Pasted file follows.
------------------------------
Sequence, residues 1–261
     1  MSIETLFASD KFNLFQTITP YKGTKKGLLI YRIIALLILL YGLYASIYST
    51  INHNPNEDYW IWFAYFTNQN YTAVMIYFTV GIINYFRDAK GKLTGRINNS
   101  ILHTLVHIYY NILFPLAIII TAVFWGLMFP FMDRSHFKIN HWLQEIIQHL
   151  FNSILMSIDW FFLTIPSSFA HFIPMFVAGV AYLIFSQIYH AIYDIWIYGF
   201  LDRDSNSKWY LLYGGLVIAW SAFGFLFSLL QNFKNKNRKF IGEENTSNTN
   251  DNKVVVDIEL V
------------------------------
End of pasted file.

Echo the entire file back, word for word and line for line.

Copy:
Sequence, residues 1–261
     1  MSIETLFASD KFNLFQTITP YKGTKKGLLI YRIIALLILL YGLYASIYST
    51  INHNPNEDYW IWFAYFTNQN YTAVMIYFTV GIINYFRDAK GKLTGRINNS
   101  ILHTLVHIYY NILFPLAIII TAVFWGLMFP FMDRSHFKIN HWLQEIIQHL
   151  FNSILMSIDW FFLTIPSSFA HFIPMFVAGV AYLIFSQIYH AIYDIWIYGF
   201  LDRDSNSKWY LLYGGLVIAW SAFGFLFSLL QNFKNKNRKF IGEENTSNTN
   251  DNKVVVDIEL V